Interview with a forensic entomologist: interview with Dr. Byrd by senior editor Julie Brooks.
Subject: Entomologists (Practice)
Forensic entomology (Analysis)
Author: Brooks, Julie
Pub Date: 06/22/2012
Publication: Name: The Forensic Examiner Publisher: American College of Forensic Examiners Audience: Professional Format: Magazine/Journal Subject: Health; Law; Science and technology Copyright: COPYRIGHT 2012 American College of Forensic Examiners ISSN: 1084-5569
Issue: Date: Summer, 2012 Source Volume: 21 Source Issue: 2
Topic: Event Code: 200 Management dynamics
Geographic: Geographic Scope: United States Geographic Code: 1USA United States
Accession Number: 293949005

EDITOR: For those who are unfamiliar with the profession; how would you describe what a forensic entomologist does?

DR. BYRD: A forensic entomologist interprets, for the layperson, a number of ways in which insects can interact with our legal system. Those may be criminal cases and they may be civil in nature, but basically, any way an insect can interact with our legal system, a forensic entomologist may be needed.

EDITOR: What are the majority of types of cases that you work on?

DR. BYRD: It's usually a homicide investigation, often where the body has been recovered a significant period of time after death when many of the soft tissues have decomposed. So a lot of the traditional ways that a pathologist could possibly estimate the time of death are missing from the case at that point, so they call in the entomologist. So, it's generally criminal casework and where the body has been found and the pathologist is in need of a reliable method of determining a minimum portion of the postmortem interval.

EDITOR: What is your background with the field, and what first made you interested in forensic entomology?

DR. BYRD: I have been interested in forensic science since about 8th grade, and my goal was to actually become a crime scene analyst--so to speak--but I grew up on a very large farm, was often interested in agriculture, and one of the criteria to get into crime scene analysis at the time was a bachelor's degree in natural science. Entomology counted as a natural science, so I wanted to study entomology. When I got into entomology, I was steered in the direction of forensic entomology and the rest is history.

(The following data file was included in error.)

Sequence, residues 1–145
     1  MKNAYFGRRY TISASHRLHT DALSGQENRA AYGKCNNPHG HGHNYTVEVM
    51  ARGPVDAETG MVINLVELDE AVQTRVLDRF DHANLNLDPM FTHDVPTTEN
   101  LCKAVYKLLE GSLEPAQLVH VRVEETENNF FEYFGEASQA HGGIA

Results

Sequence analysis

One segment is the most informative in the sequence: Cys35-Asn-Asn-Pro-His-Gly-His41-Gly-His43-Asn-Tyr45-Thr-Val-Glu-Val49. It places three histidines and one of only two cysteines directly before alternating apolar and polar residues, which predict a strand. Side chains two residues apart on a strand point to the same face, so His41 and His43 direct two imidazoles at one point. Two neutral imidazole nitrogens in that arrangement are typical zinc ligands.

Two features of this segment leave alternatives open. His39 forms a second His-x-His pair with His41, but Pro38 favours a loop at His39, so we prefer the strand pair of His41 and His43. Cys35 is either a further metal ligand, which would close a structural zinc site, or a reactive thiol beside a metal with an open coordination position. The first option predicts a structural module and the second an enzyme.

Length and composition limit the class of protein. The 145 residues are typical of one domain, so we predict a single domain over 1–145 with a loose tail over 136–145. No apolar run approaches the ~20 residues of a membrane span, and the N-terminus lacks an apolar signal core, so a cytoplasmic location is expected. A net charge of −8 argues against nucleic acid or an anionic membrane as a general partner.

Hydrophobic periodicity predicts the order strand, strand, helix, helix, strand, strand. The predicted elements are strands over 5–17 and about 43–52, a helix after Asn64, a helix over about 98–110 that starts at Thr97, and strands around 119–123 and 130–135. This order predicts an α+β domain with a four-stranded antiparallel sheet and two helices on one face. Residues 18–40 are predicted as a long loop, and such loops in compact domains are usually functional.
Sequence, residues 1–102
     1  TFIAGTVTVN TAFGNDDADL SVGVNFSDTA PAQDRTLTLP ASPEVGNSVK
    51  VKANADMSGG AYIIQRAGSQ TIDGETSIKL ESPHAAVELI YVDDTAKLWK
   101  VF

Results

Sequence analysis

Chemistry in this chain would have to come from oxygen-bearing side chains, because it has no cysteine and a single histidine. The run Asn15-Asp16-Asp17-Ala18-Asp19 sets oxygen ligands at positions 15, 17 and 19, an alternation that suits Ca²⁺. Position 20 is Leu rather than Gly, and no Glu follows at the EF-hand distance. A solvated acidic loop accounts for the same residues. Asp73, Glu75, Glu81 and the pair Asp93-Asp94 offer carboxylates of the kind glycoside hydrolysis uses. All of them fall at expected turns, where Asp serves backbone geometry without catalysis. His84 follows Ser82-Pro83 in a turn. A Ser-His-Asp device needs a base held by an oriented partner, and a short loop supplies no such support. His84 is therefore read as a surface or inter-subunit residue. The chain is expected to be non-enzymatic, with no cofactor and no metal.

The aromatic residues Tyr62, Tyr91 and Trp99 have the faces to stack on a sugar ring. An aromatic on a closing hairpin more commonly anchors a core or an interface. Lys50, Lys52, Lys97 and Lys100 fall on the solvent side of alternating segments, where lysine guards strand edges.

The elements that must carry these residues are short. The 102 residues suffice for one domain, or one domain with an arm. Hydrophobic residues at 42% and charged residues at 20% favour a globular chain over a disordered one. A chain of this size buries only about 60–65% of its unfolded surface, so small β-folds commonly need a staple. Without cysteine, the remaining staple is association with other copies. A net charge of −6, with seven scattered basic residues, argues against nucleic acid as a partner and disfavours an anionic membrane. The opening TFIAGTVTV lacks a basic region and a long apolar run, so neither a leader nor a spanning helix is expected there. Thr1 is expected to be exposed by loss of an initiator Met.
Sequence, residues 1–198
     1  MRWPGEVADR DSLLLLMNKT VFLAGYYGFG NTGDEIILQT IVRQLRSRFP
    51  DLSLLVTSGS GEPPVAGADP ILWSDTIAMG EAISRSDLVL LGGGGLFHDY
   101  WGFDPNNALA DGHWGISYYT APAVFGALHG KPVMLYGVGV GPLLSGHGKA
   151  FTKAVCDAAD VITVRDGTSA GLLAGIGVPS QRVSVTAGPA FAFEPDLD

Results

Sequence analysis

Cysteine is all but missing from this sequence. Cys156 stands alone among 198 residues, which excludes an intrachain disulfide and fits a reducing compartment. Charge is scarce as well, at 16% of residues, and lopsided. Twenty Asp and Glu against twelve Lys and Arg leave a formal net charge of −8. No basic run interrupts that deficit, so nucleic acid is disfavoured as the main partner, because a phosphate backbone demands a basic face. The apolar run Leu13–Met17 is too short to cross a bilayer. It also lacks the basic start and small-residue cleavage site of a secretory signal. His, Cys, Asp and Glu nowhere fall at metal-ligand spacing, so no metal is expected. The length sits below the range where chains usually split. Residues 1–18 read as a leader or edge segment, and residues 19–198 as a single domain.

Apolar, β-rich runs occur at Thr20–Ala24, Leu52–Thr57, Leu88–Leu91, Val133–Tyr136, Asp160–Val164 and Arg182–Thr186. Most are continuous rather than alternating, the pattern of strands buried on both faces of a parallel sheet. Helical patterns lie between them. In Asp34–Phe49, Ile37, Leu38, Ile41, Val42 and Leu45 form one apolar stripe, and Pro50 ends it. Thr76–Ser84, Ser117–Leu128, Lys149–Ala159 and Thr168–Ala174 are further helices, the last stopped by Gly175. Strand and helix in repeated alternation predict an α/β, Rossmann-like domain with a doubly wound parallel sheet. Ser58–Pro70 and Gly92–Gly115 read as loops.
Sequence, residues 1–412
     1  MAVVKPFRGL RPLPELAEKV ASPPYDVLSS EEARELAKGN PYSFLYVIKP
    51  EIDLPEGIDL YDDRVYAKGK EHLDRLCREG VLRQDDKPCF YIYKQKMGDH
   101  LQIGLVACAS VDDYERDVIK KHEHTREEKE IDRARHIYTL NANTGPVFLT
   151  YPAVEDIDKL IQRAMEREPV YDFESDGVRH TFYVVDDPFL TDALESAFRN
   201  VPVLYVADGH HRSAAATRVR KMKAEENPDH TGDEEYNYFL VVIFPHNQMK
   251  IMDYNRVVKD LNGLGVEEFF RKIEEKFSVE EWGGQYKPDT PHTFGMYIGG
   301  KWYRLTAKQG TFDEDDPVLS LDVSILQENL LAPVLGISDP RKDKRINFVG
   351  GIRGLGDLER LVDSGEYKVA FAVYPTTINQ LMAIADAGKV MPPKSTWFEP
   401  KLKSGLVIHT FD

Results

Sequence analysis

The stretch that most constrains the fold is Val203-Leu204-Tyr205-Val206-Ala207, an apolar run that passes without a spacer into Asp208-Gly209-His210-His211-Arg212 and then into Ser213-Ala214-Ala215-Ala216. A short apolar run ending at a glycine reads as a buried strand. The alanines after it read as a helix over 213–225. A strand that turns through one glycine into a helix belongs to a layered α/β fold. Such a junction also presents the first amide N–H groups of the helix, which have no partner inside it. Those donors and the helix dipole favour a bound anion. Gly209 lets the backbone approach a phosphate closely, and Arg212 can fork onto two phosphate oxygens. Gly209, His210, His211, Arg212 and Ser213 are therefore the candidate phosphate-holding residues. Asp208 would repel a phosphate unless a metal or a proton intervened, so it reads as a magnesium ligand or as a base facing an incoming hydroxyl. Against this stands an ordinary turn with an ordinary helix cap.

EDITOR: What are the differences in being an entomologist for local government versus the university?

DR. BYRD: Well, local government is, of course, focused on their constituents and the local area. At the university, because of the educational mission Of the university and distance education being the way it is, you end up with, certainly, a national focus and now an international focus ... so working at a university as large as the University of Florida, they re just as interested and supportive of me doing cases for our local sheriff versus federal law enforcement in other countries.

EDITOR: At what point in a crime scene investigation is a forensic entomologist usually called in?

DR. BYRD: Well, they may never be called: That's one of the things that we do in our educational mission is to teach law enforcement, crime scene investigators, medical examiners, coroners, and their investigators, how they can = actually process the scene and collect entomological evidence just as we can. So when they incorporate the collection of entomological evidence in their protocol is up to each individual agency. We generally prefer that the insects are collected before the body is removed from the scene, because if they just collect from the remains at autopsy and there's no scene visit, we may miss those insects that are older and could then give us a longer estimation of the period of insect activity on the body.

EDITOR: Are there any particularly interesting experiences you wish to tell us about?

DR. BYRD: Actually, the most interesting for me has been the development of the field of veterinary sciences and getting entomology incorporated in to veterinary forensics so they can use entomology to help in cases of animal cruelty and abuse, and the reason that's interesting is because when we do general forensic medicine for humans, our research model has either been a human or a pig (the physiology is similar), and when law enforcement comes to you, for the most part, they're dealing with a deceased individual. With veterinary forensic sciences when law enforcement comes to you on an animal cruelty case, you never know what they are going to bring you on a case. It could (be) a horse, a show goat, a cat, a dog, an emu, kangaroo ... so the variance in species that you get in the veterinary forensic sciences is quite interesting to me.



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